Without dwelling on issues of the past as those occupying executive political offices would always do, flying our dear president always outside the country on medical vacation, should not be consistently blamed on past administrations. Although we cannot say that past administrations did so well in revamping our healthcare sector, but, having realized the precarious situation we are in, what have the president administration done to reverse this ugly trend? It is not enough to always engage in buck passing, it is a better message and a thing of consolation that those who met a messy system have put in so-so and so in tangible, verifiable, concrete terms at reversing the ugly past.
By the president consistently passing a vote of no confidence on Nigeria’s health sector in preference to London healthcare system, what message are we passing around? What are we telling the teeming over 200 million other Nigerians? That they should all brace up to fly abroad for Medicare or die of whatever ailment that is disturbing the individual?
Reports surrounding the nation’s health sector, especially since the current administration came into office are not too satisfactory. We remember vividly the large-scale scam at the National Heath Insurance Scheme (NHIS). Also, there is nothing to cheer also regarding our Teaching Hospitals and Federal Medical Centers. These are ordinarily centers of excellence which should stand out both in name and essence as tertiary medical institutions. But, it is unfortunate that those who do not mean well for Nigeria have consistently applied the same disincentive which have rendered our public primary and secondary schools to mere shadow institutions, and so, they ensured that medical personnel at public medical institutions are perpetually on industrial action by entering into 419 agreements with the labour leaders.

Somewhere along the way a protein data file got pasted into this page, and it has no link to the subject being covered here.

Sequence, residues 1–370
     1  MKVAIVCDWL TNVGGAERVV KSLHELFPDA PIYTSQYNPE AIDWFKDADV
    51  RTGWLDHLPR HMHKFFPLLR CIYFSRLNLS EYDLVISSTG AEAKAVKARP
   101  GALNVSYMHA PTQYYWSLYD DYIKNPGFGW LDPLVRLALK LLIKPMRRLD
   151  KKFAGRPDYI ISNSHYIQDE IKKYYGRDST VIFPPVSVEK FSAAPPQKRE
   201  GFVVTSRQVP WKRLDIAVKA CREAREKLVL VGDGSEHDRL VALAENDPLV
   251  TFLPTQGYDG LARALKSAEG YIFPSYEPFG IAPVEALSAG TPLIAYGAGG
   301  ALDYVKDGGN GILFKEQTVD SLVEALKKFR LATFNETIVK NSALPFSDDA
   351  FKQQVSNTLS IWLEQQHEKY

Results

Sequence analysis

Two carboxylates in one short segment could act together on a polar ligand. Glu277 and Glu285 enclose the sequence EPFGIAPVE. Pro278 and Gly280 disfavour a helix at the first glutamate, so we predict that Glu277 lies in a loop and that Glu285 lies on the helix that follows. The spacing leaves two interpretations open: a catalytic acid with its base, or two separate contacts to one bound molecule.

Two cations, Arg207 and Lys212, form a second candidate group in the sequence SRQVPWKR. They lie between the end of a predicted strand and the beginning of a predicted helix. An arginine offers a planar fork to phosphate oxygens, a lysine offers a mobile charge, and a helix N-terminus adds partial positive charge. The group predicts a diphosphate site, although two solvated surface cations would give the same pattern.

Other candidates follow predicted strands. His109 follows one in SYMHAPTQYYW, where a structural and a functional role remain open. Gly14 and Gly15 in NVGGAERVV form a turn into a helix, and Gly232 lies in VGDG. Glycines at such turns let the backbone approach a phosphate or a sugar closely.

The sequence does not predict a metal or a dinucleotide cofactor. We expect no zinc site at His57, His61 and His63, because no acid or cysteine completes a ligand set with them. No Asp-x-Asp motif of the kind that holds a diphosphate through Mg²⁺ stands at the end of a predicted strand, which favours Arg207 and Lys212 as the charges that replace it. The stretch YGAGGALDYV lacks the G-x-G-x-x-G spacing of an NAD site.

Since our top public officers in all tiers of government have so shamelessly been boasting on the number of foreign medical trips they embark on yearly, how can we fix our healthcare systems? It is this same attitude that frustrated efforts of Nigerian scientists who attempted to research on covid-19 pandemic. Due to the allure for foreign brand, the managers of our health sector frustrated these scientists to the extent that even the National Agency for Foods and Drugs Administration and Control (NAFDAC) was not allowed to play the statutory role of satisfying the covid-19 vaccine currently in use.
We must change our attitude to relying more on foreign items and services. It not only depletes our national resources, but posts us as a country with a lot of instability, especially bothering on national security.
It must be emphasized that President Buhari should, as a matter of priority, set out to build a world-class hospital where our high and might could safely go for medical treatment. Efforts should also be made to upgrade our Military hospitals to world-class status, not just on paper, but in reality and be seen to be so by all and sundry. The recourse to embarking on foreign medical tourism by our political leaders are part of the unfortunate negatives which the Buhari administration must put to a stop, before he leaves office in 2021.